After 211 years of service, the First Congregational Church of Sidney will close at the end of 2019. 

The church, established in 1808, is the oldest in Sidney, Board of Trustees Chairperson Mary Plummer said. The impending closure, voted on by the congregation in June, is due to diminishing church attendance and funds, something Plummer said she believes is a national trend. 

"It's not just the First Congregational Church of Sidney, it's out there," said Plummer, who's been a member of the church since 1958. "People are struggling and it's sad because life is a struggle, and you don't need to have your church be one, too."

The church's pastor, Patricia Robinson, said she is retiring at the end of the year after nearly 20 years of service there. 

"The church has reason to be proud of who we are," Robinson said. 

There are 53 church members, 38 of which are from the immediate area, Plummer said. Robinson said most members have been with the church their whole lives. 

"They were born in the community and joined the church at birth," Robinson said. "It's a very sad time for all of us."   

Plummer said she recalls Christmas Eve services in years past where the church, which seats 250 people, would be completely packed.

"It was just a joyful service every year with many, many members and guests," Plummer said. 

The church used to host a soup night for community members in need and Sunday school, but there was a lack of people to keep such programs active, Plummer said. 

"We need new faces and that does not seem to be happening," Plummer said. "One of our parishioners did say two or three years ago that we're going to run out of people before we run out of money, and that's exactly what has happened."

Plummer said church's last formal service will be Sunday, Dec. 29. After that, the church will begin the legal process of dissolving, working with an attorney from Coughlin & Gerhart, she said.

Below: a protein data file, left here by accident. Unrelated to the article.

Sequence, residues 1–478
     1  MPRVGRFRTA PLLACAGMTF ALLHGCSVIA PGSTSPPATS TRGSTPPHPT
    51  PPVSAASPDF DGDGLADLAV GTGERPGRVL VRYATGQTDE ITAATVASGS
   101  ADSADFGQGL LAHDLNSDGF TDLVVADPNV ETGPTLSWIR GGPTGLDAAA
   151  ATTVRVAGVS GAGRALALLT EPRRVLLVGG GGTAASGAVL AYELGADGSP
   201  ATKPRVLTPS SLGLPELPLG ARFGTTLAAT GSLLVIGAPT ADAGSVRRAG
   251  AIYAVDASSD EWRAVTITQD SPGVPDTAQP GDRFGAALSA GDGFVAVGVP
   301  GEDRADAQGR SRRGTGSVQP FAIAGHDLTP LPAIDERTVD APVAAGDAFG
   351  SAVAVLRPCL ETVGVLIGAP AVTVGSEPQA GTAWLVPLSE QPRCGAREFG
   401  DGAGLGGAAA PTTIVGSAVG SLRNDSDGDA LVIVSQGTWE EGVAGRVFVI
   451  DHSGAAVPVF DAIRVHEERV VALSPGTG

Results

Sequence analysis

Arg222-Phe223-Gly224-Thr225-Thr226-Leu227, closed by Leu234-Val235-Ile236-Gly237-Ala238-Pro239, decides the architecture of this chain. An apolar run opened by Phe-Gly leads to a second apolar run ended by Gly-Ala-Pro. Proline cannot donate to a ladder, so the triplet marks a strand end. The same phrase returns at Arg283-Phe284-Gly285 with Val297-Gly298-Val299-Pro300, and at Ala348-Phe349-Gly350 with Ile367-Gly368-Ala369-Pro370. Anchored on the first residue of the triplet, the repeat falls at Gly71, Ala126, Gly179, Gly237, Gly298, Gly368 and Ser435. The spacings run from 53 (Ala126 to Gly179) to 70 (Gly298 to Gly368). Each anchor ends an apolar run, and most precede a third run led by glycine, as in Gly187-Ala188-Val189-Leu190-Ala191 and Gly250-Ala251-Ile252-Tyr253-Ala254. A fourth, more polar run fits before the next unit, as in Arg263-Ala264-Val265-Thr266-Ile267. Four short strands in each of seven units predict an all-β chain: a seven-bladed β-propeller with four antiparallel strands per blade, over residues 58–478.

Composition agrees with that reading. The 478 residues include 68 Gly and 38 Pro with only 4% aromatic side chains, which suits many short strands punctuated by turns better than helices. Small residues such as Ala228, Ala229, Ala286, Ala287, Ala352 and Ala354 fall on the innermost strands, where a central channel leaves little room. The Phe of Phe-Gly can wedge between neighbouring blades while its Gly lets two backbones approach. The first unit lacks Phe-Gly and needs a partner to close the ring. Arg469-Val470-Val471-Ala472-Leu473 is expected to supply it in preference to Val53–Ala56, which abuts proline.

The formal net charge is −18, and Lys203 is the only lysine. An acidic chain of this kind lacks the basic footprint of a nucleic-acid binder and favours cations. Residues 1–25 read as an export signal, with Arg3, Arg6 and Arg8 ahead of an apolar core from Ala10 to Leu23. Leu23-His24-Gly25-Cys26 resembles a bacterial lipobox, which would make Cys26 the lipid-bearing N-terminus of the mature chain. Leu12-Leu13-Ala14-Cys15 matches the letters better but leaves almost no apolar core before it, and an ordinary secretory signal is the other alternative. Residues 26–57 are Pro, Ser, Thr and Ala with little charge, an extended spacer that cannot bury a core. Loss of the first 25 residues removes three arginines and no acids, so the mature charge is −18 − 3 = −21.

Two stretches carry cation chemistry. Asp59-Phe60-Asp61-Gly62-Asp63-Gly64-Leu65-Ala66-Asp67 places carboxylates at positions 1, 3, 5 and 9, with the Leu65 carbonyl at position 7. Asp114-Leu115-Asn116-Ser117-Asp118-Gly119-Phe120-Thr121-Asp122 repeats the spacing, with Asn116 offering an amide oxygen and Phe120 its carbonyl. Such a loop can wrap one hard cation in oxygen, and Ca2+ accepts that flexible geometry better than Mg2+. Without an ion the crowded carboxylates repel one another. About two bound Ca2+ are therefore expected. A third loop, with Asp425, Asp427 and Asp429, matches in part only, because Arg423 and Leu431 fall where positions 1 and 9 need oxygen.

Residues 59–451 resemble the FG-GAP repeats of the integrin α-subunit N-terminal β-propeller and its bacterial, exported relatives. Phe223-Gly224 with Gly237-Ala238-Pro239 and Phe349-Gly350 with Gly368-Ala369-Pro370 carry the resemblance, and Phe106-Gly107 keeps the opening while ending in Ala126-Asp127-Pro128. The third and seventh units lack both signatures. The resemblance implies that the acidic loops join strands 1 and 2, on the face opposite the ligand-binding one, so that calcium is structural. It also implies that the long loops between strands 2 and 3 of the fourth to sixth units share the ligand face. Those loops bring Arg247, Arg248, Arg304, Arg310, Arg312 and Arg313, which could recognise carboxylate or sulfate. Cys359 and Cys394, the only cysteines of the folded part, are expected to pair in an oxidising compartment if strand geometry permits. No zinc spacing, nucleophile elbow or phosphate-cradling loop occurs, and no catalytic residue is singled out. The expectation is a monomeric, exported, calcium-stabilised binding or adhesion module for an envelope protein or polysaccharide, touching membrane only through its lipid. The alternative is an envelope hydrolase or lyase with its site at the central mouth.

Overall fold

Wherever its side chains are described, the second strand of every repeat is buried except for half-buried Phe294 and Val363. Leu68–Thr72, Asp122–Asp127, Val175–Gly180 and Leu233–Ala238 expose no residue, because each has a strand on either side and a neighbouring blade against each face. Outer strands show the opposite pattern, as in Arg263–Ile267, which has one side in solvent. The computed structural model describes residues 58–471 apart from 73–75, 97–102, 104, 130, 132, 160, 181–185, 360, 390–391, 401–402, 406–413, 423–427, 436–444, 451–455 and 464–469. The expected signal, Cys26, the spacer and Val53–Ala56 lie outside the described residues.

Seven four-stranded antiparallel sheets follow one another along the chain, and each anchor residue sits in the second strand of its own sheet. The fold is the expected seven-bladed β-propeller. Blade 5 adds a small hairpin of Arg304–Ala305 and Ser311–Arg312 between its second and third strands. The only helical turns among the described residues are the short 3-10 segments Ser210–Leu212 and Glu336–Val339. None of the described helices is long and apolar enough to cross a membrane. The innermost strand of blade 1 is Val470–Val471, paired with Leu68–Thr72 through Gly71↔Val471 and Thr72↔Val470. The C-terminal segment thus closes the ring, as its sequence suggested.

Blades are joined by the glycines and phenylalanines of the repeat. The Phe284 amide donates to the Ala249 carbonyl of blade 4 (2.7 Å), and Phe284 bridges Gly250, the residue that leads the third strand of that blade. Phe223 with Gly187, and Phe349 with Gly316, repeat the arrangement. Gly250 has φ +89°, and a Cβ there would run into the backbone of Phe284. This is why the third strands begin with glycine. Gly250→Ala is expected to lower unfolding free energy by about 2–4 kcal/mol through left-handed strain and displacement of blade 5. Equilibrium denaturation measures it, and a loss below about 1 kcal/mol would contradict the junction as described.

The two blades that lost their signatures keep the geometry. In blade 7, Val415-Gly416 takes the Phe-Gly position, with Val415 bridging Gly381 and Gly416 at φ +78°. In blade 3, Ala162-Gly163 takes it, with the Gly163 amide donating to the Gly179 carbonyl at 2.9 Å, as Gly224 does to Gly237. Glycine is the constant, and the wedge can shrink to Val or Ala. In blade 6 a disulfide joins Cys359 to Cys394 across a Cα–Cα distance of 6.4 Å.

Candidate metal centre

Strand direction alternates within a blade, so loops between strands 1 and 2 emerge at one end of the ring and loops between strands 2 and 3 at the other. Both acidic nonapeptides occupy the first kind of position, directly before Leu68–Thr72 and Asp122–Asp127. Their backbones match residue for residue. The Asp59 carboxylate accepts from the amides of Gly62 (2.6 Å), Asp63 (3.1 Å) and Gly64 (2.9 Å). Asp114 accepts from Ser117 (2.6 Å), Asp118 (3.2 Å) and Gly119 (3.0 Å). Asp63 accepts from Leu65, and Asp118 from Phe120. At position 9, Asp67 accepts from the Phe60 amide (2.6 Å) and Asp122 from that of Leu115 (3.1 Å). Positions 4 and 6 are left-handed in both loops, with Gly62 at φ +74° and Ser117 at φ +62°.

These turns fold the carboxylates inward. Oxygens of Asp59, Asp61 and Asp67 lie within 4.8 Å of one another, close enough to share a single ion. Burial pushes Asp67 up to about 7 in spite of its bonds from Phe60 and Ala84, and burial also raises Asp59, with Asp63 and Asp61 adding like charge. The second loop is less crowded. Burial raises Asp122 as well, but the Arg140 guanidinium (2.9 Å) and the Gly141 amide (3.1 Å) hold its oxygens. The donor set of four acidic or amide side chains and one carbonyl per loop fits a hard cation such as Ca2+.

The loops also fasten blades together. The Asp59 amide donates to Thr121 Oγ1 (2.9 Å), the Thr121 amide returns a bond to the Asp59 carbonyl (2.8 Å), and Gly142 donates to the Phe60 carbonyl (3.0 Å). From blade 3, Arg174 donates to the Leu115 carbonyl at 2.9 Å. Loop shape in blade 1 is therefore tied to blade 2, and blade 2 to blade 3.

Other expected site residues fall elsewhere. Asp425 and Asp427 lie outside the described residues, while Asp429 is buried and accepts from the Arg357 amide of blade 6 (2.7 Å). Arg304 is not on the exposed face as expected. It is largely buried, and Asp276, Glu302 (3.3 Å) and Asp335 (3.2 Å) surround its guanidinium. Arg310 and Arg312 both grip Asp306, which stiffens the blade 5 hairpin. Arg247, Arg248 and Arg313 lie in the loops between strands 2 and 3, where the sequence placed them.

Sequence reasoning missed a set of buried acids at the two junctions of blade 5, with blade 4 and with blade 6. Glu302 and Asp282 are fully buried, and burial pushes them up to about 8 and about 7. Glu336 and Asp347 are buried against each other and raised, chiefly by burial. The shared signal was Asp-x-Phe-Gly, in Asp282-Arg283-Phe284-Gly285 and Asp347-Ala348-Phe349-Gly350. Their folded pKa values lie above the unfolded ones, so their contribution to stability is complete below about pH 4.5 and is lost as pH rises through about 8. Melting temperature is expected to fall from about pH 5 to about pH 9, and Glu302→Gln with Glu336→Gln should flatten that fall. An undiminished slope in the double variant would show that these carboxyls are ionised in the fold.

Plummer said the church, a nonprofit, will be deeded to the next owner because members cannot realize a profit from the dissolution. 

"We are in negotiation with another group that we hope will enhance the village," Plummer said. 

According to www.charitiesnys.com/pdfs/dissolution_with_assets.pdf, a nonprofit must distribute its assets to another tax-exempt charitable organization. Plummer said the church is discussing which charities to which it will donate its remaining funds, possibly including the future landowner and other local entities. 

"The group that's looking at the church fell in love with the building as it is," Plummer said. "When I heard they didn't want to do anything to the sanctuary, that was music to my ears, so to speak."

Plummer said the church is interested in donating its artifacts, including a silver communion service item and historical scrapbooks, to the Sidney Historical Society. 

One of the church's last events will include a free public concert at the church, located at 1 Bridge Street in Sidney, 3 p.m. Sunday, Dec. 1. 

Worcester organ player Sidney Chase will perform on one of the oldest remaining church pipe organs in the upper Susquehanna Valley, according to a media release from the church. There will also be other musical performances by church members, according to the release. Following the concert, there will be a reception in the church hall. 

Plummer said the church will also host a free, public ecumenical hymn sing Sunday, Dec. 15, at 10:30 a.m., with a potluck lunch to follow. 

Shweta Karikehalli, staff writer, can be reached at skarikehalli@thedailystar.com or 607-441-7221. Follow her @DS_ShwetaK on Twitter.

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